The Chicago Reporter is committed to producing stories that identify marginalized communities’ challenges and opportunities. In recent months, the racial bias in home appraisals has dominated the conversation in Chicago, the state, and across the country.
In Part 1 of 2 of Racial Bias In Home Appraisals, we outline what thought leaders have identified as some of the root causes for the widespread, pervasive disparities undervaluing Black and Brown homes, preventing them from attaining wealth.
“Owning a home means a shot at a better future. Owning a home is also a symbol of the benefit of hard work, the benefit of having ambition and aspiration for oneself and one’s family,” Vice President Kamala Harris said. “We don’t want to have a system that denies people an ability to have that goal simply because there’s bias in the system. We can correct that.” Harris announced on March 23 a new White House plan to eliminate racial bias in home appraisals.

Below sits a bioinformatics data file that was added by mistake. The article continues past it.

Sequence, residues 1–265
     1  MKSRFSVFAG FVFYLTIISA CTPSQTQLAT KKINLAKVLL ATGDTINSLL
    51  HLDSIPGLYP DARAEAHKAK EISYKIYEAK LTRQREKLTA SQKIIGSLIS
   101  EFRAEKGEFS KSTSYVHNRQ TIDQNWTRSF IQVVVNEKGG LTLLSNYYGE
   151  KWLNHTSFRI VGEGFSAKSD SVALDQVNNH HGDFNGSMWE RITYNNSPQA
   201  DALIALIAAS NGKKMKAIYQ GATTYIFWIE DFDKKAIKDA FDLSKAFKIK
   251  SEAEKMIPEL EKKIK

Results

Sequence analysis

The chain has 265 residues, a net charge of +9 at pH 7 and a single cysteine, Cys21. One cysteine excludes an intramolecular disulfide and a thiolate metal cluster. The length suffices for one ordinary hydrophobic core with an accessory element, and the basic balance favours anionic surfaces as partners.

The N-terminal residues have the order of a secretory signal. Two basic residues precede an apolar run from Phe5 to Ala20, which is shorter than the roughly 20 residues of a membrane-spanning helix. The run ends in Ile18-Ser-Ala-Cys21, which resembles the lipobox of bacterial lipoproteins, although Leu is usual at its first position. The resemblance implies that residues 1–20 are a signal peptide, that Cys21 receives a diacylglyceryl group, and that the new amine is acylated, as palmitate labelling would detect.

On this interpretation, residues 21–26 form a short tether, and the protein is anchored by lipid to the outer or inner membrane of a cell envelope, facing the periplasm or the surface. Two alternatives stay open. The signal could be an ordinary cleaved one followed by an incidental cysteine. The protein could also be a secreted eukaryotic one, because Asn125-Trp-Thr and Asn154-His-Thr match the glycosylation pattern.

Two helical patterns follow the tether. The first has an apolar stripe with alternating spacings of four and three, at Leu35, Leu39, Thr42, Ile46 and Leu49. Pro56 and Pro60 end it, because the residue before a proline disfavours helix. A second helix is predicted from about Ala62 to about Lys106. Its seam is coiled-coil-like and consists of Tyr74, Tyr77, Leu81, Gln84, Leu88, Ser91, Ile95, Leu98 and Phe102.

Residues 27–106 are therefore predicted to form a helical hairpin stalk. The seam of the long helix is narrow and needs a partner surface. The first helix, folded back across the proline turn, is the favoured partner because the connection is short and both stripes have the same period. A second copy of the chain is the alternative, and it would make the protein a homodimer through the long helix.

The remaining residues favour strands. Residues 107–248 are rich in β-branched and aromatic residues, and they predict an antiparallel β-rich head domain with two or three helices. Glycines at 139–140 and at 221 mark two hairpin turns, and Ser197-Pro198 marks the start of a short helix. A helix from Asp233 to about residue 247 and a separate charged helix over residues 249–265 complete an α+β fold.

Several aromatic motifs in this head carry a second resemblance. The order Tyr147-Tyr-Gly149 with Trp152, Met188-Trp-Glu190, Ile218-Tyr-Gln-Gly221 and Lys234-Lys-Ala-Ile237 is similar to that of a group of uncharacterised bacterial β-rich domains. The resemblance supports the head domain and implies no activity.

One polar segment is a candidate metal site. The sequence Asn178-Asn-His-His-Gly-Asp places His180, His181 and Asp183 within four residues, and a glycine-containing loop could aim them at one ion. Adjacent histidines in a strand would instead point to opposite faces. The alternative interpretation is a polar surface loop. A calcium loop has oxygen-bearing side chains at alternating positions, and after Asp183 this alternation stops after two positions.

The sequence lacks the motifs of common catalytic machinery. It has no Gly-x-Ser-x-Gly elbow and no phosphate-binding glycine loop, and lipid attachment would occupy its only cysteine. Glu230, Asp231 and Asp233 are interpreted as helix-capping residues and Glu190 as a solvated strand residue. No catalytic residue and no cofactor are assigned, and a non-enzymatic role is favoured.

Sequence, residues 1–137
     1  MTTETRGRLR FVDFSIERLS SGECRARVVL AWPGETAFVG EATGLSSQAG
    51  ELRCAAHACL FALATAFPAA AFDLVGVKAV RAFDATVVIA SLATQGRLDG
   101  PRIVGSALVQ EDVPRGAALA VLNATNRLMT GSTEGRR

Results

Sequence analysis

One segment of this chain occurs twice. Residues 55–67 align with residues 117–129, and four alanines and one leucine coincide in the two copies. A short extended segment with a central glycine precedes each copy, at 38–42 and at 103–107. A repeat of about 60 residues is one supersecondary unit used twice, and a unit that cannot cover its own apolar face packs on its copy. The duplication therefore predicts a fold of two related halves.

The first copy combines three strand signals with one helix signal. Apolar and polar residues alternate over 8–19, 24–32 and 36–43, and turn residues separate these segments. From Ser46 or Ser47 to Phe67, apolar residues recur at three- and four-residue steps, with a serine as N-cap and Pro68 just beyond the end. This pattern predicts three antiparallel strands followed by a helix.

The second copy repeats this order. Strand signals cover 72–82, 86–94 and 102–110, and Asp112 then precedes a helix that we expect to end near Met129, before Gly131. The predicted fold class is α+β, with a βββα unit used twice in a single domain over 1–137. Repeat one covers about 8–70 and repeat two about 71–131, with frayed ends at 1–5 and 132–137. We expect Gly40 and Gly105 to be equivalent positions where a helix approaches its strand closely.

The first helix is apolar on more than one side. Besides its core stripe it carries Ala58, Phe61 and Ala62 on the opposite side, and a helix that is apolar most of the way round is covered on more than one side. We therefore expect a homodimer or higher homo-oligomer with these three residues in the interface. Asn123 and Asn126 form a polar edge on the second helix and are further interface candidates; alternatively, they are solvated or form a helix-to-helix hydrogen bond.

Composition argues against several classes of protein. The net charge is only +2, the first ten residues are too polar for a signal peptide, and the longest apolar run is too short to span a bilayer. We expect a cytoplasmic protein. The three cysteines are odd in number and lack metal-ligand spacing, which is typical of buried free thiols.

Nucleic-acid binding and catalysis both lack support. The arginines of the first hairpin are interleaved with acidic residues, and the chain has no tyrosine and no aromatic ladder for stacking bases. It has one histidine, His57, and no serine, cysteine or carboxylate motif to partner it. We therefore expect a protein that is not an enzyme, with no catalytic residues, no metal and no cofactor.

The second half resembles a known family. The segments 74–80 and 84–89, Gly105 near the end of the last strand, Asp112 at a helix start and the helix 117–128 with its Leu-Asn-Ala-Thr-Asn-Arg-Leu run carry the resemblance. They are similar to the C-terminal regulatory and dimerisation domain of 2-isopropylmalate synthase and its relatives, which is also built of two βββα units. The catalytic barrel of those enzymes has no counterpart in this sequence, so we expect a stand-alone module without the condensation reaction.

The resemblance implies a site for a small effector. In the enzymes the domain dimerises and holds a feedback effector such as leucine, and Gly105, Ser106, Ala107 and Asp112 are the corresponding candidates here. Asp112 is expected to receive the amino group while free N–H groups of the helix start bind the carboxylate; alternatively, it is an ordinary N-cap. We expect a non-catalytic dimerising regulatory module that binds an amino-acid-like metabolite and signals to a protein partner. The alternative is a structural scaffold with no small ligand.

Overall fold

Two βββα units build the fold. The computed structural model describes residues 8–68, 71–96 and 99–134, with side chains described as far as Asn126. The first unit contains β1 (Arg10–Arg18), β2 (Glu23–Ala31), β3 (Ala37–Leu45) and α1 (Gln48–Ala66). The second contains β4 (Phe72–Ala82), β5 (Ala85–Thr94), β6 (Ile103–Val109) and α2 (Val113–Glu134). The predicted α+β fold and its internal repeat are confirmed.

President Joe Biden announced the formation of the Property Appraisal and Valuation Equity (PAVE) task force last June to solve home appraisal inequities in the U.S.
The vice president was joined by Black homeowners like Tenisha Tate-Austin, who shared stories of having homes undervalued during appraisals. Tate-Austin and her husband, Paul, from Marin County, California, filed a lawsuit late last year saying they were victims of appraisal bias. After spending months on renovations, a white appraiser valued their home much lower than they had anticipated. Then, when a white friend showed the couple’s home as her own, its appraisal rose $500,000. The Department of Justice filed a statement of interest in the couple’s claim in order to investigate if the appraisers in the Tate-Austin case are liable under the Fair Housing Act for discriminating on the basis of race.